There are three asteroids heading our way right now.
But don’t be afraid, because the space rocks are not doomed to hit our planet and finish off life as we know it.
They will zoom harmlessly past Earth and then speed off back on their lonely journey through the solar system.
The objects are too small to see with the naked eye, but one of them can be seen by watching a live stream on the Virtual Telescope Project’s website at about 6pm on Saturday evening.
Astronomers will be training their lenses on 2018 VX1 as it zooms by and have already captured the first images of the object.
Asteroid VX1 can be seen at the centre of this image (Picture: Virtual Telescope Projec)Gianluca Masi, the Italian stargazer who runs the Virtual Telescope Project, wrote: ‘The asteroid is between 8 and 18 metres in size and will safely approach the Earth, coming a bit closer than the moon at a distance of about 380,000 km.’
Asteroid 2018 VS1, will also skim our planet by 861,700 miles at around 2.03pm on Saturday.
Experts at the Jet Propulsion Laboratory in California believe that it’s between 13 and 28 metres wide.
The third asteroid is comparable in size and speed to Asteroid VS1 but it will pass at a much safer distance of three million miles.
‘As they orbit the Sun, near-Earth objects can occasionally approach close to Earth,’ warned Nasa.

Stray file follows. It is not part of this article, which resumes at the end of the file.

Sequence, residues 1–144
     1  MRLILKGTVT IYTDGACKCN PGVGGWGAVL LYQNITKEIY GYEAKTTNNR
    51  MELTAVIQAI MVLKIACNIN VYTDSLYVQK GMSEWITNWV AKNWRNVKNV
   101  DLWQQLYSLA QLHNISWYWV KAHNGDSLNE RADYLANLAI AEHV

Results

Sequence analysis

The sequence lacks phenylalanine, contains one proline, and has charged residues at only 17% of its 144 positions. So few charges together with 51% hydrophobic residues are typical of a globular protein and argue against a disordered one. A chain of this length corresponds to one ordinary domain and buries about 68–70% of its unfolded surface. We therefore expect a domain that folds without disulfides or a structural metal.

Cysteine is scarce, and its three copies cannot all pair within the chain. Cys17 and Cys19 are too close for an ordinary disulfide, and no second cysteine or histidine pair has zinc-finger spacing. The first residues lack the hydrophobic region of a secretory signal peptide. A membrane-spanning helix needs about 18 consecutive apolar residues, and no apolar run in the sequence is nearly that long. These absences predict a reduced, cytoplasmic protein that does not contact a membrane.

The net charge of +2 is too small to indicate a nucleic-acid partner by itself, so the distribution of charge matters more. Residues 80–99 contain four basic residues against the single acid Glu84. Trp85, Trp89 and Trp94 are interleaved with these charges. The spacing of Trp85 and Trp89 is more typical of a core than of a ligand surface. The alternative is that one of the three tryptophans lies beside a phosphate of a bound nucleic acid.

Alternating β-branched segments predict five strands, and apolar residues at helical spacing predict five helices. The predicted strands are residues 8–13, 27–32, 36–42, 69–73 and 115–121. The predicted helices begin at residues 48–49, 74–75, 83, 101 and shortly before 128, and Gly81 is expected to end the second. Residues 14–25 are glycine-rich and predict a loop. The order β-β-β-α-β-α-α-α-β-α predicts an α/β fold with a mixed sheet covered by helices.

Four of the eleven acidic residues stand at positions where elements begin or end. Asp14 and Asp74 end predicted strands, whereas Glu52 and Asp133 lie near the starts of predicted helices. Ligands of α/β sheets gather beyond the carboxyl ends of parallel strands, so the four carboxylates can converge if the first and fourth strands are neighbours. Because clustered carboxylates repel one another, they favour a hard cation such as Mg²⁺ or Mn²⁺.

‘Note that a ‘close’ passage astronomically can be very far away in human terms: millions or even tens of millions of kilometres.’
An artist’s impression of the scary skull-shaped asteroid (PA)If that wasn’t enough for you, we’re also set for a close encounter with an ominous, skull-shaped object called the ‘Halloween Death Comet’ this weekend.
The comet is officially called 2015 TB145 and will pass by on Sunday evening at a distance of about 25 million miles – which is a tiny distance in cosmic terms.
However, humanity’s last encounter with the spooky space object was much more dramatic.
It zoomed past Earth on October 31, 2015, coming within 302,000 miles of our planet.
The ominous object is thought to be ‘dead’ and is likely to be the ghost of a comet which did when the sun boiled off its ice over a long period of time. It is thought to be between 600 and 700 metres wide.
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